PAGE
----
But it took two years for the army to work through the added background checks. During that time she struggled to remain legal.

Oliveira finally made it through the process and was sworn in as a citizen last week.

She took the oath on a day designated to honor the U.S. flag, a group of 28 people from 18 countries became American citizens at the historic house where the flag that inspired the national anthem was made.

“I learned to love this country that I adopted as my own. … I’ve always [thought] of myself as an American by heart,” she said.

But it took 13 years to make it official. On a day designated to honor the U.S. flag, a group of 28 people, including Oliveira, from 18 countries became American citizens at the historic house where the flag that inspired the national anthem was made.

“It’s been a long journey. … Of course there were moments that I was thinking ‘Should I continue waiting?’” she said.

Oliveira’s wait was due to changes in a military program called Military Accessions Vital to the National Interest program, or MAVNI reported on by VOAlast December. It was launched in 2009 to bring immigrants with medical or language skills into the armed services.

Kelly Oliveira examines paperwork before her naturalization ceremony in Baltimore, Maryland.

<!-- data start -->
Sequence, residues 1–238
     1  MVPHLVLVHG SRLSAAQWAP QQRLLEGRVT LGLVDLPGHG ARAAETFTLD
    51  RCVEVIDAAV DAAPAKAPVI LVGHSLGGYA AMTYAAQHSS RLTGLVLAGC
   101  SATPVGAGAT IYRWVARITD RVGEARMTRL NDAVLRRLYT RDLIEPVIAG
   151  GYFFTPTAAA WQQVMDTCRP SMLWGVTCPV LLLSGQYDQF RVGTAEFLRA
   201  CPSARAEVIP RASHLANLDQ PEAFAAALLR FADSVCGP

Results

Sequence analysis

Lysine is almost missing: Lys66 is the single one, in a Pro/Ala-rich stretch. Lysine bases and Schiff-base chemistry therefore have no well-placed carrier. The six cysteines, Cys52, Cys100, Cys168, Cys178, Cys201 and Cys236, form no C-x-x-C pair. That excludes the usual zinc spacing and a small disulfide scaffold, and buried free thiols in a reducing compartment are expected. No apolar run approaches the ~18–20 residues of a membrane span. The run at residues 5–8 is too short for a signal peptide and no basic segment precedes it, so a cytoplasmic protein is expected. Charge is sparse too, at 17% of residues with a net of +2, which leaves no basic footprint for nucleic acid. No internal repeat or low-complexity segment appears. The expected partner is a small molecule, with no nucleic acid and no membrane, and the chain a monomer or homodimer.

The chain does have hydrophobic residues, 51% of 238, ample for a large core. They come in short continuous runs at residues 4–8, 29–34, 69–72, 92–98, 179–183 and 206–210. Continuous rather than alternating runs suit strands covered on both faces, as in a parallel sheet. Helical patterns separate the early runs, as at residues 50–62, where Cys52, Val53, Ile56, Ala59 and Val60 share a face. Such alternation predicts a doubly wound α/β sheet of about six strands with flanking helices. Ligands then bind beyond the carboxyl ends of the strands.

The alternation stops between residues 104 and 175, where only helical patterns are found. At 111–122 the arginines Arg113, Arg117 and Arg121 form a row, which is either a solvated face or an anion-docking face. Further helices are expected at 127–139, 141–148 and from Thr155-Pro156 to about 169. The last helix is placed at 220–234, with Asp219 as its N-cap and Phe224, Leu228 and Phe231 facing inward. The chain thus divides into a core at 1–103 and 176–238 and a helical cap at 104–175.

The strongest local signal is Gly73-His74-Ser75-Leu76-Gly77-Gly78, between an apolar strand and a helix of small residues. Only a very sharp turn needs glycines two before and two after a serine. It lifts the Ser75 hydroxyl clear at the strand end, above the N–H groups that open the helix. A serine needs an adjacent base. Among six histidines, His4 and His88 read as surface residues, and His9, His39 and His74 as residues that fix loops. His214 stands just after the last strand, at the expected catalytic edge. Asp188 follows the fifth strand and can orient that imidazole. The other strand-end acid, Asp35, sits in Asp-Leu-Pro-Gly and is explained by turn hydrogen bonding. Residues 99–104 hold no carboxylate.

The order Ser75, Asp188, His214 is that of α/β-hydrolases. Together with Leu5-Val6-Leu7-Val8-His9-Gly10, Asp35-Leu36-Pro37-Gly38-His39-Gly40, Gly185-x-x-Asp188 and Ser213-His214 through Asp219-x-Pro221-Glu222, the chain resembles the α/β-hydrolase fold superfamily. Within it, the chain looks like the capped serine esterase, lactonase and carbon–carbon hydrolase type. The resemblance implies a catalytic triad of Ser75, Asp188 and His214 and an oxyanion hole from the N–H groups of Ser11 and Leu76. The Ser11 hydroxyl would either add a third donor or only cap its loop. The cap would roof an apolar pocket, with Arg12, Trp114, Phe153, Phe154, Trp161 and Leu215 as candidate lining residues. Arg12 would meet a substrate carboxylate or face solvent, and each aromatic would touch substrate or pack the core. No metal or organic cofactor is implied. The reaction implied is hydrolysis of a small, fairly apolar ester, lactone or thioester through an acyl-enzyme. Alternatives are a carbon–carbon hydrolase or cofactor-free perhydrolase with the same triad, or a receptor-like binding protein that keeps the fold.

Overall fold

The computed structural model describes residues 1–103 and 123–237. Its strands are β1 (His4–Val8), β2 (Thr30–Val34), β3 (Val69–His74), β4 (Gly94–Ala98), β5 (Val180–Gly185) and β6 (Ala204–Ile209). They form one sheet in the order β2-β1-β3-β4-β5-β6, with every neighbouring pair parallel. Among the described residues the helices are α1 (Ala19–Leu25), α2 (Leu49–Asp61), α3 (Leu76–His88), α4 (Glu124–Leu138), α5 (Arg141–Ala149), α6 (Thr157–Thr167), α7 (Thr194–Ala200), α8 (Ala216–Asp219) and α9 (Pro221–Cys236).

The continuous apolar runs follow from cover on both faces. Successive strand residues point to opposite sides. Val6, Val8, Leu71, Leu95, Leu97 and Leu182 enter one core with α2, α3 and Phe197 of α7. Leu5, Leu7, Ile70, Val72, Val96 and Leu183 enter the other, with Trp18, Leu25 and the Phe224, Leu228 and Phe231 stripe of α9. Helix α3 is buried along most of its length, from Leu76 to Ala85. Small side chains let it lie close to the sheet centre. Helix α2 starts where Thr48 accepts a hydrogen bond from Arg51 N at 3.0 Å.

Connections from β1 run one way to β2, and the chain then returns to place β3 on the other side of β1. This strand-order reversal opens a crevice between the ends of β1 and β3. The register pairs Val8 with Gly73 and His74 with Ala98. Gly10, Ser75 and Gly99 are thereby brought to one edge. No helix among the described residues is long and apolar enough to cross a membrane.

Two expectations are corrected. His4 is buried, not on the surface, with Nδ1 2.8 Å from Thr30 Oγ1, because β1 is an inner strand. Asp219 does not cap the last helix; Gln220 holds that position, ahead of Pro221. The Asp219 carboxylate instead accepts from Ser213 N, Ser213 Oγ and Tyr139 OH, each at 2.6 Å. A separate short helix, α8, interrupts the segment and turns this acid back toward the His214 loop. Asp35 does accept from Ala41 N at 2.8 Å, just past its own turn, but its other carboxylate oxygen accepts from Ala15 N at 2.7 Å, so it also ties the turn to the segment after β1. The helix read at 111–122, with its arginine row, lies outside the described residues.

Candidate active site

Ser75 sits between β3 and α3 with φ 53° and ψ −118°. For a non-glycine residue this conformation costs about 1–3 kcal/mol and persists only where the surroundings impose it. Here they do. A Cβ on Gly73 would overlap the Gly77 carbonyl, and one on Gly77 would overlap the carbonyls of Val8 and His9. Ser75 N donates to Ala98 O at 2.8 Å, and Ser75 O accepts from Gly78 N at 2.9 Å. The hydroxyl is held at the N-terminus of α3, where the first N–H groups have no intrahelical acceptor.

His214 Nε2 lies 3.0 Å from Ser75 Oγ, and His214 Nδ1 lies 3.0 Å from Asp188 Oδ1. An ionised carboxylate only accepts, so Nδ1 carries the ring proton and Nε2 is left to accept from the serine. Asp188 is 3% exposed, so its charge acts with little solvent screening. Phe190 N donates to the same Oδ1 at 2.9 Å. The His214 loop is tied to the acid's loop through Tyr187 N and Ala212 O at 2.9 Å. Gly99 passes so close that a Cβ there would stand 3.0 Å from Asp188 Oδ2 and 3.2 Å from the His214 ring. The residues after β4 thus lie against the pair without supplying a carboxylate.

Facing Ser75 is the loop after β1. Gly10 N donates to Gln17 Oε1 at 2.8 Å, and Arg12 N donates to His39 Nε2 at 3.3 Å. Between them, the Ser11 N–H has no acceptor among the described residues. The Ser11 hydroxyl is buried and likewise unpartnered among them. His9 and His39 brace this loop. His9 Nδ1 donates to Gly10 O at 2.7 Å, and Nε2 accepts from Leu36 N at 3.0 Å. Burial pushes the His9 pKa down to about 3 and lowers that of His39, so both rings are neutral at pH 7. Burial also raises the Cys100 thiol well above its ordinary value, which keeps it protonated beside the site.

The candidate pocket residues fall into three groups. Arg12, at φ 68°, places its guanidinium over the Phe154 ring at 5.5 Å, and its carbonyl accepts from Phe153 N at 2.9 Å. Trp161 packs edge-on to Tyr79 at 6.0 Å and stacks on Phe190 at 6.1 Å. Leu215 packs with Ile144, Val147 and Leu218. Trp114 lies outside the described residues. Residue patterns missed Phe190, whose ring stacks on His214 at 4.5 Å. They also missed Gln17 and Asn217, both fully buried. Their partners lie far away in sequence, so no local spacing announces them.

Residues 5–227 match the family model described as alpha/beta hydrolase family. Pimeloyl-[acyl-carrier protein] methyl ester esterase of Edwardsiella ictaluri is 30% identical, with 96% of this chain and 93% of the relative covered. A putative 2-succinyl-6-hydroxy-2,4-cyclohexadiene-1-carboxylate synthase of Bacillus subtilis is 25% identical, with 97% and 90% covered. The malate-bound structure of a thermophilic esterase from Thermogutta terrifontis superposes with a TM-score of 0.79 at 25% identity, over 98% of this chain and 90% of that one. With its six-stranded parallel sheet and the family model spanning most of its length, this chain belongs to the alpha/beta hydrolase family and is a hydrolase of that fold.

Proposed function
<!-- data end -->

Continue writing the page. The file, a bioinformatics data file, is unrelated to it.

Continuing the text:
Kelly Oliveira examines paperwork before her naturalization ceremony in Baltimore, Maryland. VOA

She enlisted in the Army in March 2016 under MAVNI, which promised her citizenship in exchange for service.

Enlisting for status

Oliveira had tried other ways to stay legal. But nothing worked.

“I went to school and I had my OPT, and I got a teaching position job as a preschool teacher,” Oliveira said.

The OPT or Optional Practical Training allows international students with an F-1 visa to work in the U.S. for up to one year in a field related to their studies. She tried to get a work visa through the schools where she was employed at the time.

“Unfortunately the school where I was working at; they could not [sponsor] me,” she said.

That’s when she entered the MAVNI program. But on June 2016, the program was shut down, which affected Oliveira’s enlistment.